Buy in India and keep your economy strong - our growth story continues on its upward trend
Ignore the global ‘contagion’. This is actually good news for us as hot money outflows from elsewhere could land on our shores.
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As talks of an 'emerging markets contagion’ gather momentum, hot money is preparing a global exit to ‘safer’ shores. Given the herd mentality of global investors, emerging markets could see a fall. Here, I argue that should this psychological disease of the herd translate into 'Sell India', it is really an opportunity to 'Buy India'.
The market's on an upswing. Be confident. (Photo: Reuters)
If you look at markets like a walk in the mall, what will happen is that the same goods will be available at a delicious discount.
On the financial highway, however, not all goods are alike. Standing on the foundations of growth and its future potential, some economies are more vulnerable — and some more valuable — than others.
India stands on the valuable stack — buy as much of it as you possibly can, and then some more. The relatively higher price you pay for the same unit of earnings in India, through the price to earnings (PE) multiple, fetches you higher returns ahead. To put it in the language of professional stock-pickers, India is a growth stock, and hence commands a higher price.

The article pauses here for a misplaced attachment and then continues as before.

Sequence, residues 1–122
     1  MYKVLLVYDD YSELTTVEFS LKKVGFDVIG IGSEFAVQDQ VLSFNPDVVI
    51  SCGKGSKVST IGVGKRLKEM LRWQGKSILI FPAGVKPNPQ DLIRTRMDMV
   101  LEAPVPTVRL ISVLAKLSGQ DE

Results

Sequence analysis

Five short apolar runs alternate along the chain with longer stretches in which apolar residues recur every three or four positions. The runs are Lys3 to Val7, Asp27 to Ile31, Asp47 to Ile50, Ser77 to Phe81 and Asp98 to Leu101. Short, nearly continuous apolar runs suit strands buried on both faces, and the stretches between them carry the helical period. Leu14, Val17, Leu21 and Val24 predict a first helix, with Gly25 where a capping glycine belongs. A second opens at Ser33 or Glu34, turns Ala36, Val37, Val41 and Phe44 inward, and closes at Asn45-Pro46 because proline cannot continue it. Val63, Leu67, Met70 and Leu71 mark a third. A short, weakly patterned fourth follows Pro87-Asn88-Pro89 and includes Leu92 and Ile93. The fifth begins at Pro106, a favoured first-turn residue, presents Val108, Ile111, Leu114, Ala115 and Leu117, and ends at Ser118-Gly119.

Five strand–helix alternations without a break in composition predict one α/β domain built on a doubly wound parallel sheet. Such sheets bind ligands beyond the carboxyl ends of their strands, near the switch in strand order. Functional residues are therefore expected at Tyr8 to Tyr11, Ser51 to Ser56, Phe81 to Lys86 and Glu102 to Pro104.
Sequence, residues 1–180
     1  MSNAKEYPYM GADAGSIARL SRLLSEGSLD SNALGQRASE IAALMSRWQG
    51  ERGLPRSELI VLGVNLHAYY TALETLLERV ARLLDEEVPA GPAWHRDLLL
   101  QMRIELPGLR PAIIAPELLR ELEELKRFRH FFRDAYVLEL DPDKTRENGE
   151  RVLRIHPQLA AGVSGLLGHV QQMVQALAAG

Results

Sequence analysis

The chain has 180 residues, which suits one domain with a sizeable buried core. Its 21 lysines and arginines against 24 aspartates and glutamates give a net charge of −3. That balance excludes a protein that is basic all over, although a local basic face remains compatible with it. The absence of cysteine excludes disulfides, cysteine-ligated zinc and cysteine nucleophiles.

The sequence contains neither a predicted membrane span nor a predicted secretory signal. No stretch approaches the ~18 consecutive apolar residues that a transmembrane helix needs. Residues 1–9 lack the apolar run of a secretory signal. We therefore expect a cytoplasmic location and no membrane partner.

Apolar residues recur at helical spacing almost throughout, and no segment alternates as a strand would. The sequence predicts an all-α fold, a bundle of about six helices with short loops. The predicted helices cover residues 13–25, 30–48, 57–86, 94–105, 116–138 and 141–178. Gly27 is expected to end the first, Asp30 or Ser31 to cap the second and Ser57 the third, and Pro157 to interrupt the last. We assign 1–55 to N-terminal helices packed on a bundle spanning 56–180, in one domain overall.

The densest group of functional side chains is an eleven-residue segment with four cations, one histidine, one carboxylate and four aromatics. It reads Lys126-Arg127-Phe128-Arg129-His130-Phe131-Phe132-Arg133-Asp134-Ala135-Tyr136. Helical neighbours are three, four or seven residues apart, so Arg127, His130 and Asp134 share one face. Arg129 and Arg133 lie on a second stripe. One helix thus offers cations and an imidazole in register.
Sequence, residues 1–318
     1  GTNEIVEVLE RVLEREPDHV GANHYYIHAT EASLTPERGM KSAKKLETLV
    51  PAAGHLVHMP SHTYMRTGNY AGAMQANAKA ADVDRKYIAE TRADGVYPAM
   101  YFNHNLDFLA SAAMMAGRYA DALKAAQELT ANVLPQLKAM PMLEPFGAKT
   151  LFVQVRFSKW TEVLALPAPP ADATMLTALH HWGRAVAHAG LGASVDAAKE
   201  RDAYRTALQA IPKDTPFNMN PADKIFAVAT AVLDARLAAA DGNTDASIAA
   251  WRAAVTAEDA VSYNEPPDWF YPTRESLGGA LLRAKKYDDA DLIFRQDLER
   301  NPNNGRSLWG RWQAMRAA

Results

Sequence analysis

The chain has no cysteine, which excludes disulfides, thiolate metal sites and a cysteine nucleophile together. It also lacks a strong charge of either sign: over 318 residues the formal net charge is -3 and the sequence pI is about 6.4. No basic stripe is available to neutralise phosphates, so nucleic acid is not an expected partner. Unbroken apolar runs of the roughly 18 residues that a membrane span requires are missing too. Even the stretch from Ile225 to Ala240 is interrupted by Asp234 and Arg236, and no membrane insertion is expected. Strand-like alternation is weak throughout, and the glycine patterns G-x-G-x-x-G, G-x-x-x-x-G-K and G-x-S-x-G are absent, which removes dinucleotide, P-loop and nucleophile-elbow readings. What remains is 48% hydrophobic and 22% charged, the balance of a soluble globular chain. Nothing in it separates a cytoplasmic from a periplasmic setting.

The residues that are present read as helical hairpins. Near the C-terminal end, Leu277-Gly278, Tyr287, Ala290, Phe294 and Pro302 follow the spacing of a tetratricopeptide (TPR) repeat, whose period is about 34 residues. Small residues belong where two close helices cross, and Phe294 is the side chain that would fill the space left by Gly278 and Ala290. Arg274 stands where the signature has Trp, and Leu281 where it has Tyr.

All routes lead up! Shoppers in a busy mall preparing for Diwali. (Photo: AP)
The data, upon which this analysis is based, has been collated such that inter-country comparisons get standardised. Hence, the forward price to earnings (PE) multiples are taken from a 2 September 2018 Yardeni Research report, while GDP and GDP growth have been sourced from the World Bank.
On a PE multiple of 19.3 times, India is the most expensive market among G20 nations.
That does not mean it is ‘overvalued’ and hence, in the ‘emerging markets contagion’ that global investors are expecting, India will be among the first markets to be sold.
It only means that the market is pricing the future growth of India into its current price.
Among its G20 peers, India is followed by the US with a PE multiple of 16.9 times, Australia (15.6) and Mexico (15.5). While the US is on a growth path — the 2017 growth rate 2.3% on a GDP of $19.4 trillion is no mean feat (it adds up to $446 billion, larger than the economies of Norway, Iran and UAE) — the other two are not. India’s addition to GDP on a 6.6% 2017 growth rate is $171 billion or more than the GDP of Qatar, Kazakhstan and Angola.
On the lowest spectrum stand Russia with a PE multiple of 5.2 times, Turkey (5.6)and South Korea (7.9). On a growth rate of 1.5%, Russia deserves to get a lower multiple, South Korea deserves better on a growth rate of 3.1%, while Turkey’s is a case of perceived impact of US sanctions, despite a high 7.4% growth rate in 2017.
The Winter of his Discontent: Russia has one of the lowest PE multiples. (Photo: Reuters)
The one market that is acutely under-priced is that of China’s.
On a large GDP of $12.2 trillion that grew by 6.9% in 2017 — the growth of $844 billion is more than the GDPs of the Netherlands, Saudi Arabia and Switzerland — this is a market that quotes at a PE multiple of 11.2 times. At 58% of India’s valuation or 66% of the US’s, China needs an upward revision, despite the threat of a trade war with the US.